Mani+ Helping To Address Childhood Malnutrition in Central America
(3BL Media/Justmeans) â Guatemala has the fourth-highest childhood malnutrition rate in the world, affecting more than half of its children. Fifty-three percent of the population here lives in povertyâ13 percent in extreme poverty. One of the most effective ways to treat childhood malnutrition in this region is to use Ready-to-Use Supplementary Food (RUSF). It is a fortified peanut paste that provides a vital dose of calories, protein, fat, vitamins and minerals essential to brain development in babies and toddlers. Now, to further enhance RUSF, a new malnutrition centre called Mani+ has opened in Guatemala, which will locally produce and source this food supplement, creating local jobs and supporting local farmers at the same time.
The centre will specifically address the nutritional deficiencies in Central America.Â The supplement is produced by NutriPlus, a unique social enterprise fouÂÂnded by Professor Ted Fischer and the former Country Music Association CEO, Steve Moore, the founder of the Middle Tennessee-based Shalom Foundation; that organizationâs Guatemala City paediatric clinic has strong ties to Monroe Carell Jr. Childrenâs Hospital at Vanderbilt, which houses the Vanderbilt Guatemala Research Station. Vanderbilt students from across the university have been instrumental in the development of Mani+, developing financial and quality control models, an aflotoxin eradication plan for partner peanut farmers, educational materials and packaging, including crucial field research on peanut cultivation and Mani+ usage in the home.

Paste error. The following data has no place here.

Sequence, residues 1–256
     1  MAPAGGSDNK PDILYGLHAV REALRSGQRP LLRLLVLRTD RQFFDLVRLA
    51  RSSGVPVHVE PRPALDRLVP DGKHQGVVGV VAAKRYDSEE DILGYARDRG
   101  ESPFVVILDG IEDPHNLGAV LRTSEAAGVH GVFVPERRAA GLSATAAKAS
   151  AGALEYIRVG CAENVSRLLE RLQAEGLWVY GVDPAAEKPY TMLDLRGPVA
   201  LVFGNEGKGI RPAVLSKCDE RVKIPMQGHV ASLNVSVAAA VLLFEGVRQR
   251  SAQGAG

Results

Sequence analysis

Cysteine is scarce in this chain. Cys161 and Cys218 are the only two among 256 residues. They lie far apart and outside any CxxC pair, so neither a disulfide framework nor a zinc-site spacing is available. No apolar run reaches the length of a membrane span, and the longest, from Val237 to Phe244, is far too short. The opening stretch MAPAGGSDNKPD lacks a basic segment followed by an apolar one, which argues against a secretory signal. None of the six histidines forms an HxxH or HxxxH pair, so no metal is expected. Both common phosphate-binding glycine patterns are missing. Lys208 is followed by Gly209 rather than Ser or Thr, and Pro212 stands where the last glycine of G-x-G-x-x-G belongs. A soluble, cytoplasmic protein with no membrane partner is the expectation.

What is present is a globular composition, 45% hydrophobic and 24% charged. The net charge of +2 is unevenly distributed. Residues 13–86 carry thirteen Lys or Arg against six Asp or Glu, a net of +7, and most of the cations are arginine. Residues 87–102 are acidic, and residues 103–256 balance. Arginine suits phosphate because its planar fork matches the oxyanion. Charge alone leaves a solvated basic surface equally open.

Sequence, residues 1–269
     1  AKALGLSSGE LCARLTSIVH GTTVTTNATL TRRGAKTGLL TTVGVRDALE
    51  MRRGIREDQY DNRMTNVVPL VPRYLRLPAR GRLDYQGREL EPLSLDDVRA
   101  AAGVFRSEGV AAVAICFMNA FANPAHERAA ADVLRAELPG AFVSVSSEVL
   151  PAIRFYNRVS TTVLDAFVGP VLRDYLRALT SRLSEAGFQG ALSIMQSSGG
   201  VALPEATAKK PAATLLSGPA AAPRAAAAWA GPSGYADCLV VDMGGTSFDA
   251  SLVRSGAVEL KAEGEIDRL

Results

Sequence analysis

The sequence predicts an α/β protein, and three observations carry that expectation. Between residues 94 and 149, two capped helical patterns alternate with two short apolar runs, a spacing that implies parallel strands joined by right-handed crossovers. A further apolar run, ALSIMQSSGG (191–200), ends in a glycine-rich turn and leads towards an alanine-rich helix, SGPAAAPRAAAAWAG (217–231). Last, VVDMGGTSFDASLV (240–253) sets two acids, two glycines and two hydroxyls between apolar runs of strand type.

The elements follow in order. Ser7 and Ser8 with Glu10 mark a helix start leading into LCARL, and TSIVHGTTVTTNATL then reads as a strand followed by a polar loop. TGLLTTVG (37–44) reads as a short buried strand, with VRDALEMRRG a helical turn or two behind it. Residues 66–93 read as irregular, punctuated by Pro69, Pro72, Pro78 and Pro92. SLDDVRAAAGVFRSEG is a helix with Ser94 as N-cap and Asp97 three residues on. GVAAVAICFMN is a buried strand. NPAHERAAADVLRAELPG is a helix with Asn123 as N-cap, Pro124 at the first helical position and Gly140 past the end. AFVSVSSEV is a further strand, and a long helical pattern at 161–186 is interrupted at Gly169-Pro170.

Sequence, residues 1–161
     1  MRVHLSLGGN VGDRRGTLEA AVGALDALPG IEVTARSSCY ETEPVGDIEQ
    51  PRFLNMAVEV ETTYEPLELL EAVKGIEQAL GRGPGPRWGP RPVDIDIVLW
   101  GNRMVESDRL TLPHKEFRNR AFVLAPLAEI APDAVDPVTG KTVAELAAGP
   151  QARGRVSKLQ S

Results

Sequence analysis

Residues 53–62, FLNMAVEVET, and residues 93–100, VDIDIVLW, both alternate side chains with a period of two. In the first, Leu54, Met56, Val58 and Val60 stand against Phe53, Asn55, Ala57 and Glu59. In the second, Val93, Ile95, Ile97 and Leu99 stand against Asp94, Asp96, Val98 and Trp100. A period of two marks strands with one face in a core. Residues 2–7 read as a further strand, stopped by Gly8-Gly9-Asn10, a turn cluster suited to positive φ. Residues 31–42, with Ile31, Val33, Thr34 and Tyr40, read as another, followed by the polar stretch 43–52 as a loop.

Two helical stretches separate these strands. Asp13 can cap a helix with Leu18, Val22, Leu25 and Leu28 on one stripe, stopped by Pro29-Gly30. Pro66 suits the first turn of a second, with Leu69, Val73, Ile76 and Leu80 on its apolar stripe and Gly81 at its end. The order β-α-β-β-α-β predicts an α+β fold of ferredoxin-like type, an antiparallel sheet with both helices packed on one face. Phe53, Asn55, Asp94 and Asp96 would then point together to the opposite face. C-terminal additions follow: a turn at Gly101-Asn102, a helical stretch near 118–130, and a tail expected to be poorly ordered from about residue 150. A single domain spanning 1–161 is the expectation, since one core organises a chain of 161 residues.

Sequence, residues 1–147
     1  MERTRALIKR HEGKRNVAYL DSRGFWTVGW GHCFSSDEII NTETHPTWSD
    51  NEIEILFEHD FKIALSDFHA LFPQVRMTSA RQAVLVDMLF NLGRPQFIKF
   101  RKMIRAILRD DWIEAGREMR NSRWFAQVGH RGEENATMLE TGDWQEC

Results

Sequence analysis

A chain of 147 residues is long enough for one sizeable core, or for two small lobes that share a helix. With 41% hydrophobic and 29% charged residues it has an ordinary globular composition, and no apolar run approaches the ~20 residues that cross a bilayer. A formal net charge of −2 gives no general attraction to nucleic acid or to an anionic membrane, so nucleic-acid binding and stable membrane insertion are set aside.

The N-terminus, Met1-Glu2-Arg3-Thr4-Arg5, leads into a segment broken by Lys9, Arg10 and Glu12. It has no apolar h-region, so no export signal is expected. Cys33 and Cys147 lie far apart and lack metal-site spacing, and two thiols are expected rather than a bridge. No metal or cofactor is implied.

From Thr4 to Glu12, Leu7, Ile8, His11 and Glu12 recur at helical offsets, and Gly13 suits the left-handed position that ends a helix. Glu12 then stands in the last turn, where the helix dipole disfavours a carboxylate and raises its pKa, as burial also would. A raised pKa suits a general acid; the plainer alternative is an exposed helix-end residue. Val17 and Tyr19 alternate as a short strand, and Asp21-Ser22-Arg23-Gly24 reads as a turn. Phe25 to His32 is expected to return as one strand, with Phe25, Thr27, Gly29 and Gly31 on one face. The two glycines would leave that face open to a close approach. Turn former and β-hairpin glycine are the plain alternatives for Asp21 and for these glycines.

This new supplement, Mani+, was developed in partnership with food scientists at the Institute of Nutrition in Central America and Panama (INCAP), which also donated the Mani+ production facility. INCAP has conducted a pivotal 40-year study, which reveals that the costs of childhood malnutrition have a huge economic impact to malnutrition. Undernourished children donât do well in school, and they actually earn 40 percent less as adults than peers who were well nourished. To put this study into economic terms, it means that in Guatemala, malnutrition is costing the country $300 million a year.
Guatemala faces an economic and food insecurity emergency, exacerbated by extended drought. The global economic crisis has reduced remittances, exports, foreign investment, tourism revenues and access to credit, thereby increasing the Government's budget deficit and unemployment. The rise in the price of agricultural inputs has reduced the availability of subsidised fertilisers and high-quality seeds, negatively affecting subsistence farmers. The combination of these critical issues restricts access to food for already impoverished and food-insecure families. In addition, Guatemala is prone to recurrent disasters. Hurricanes, earthquakes, floods, landslides and droughts damage the livelihoods of unprepared populations living in vulnerable areas.
Thankfully, Mani+ is already making a difference in Guatemala. Field tests of 1,000 children show that it is universally adopted by families and is reducing key symptoms of malnutrition such as stunted growth and being underweight. Treated children also had lower rates of anaemia and diarrhoea. Once the facility reaches peak capacity, Fischer and Moore hope to produce 25 tons of Mani+ a month, reaching 25,000 children.
Photo Credit: Vanderbilt University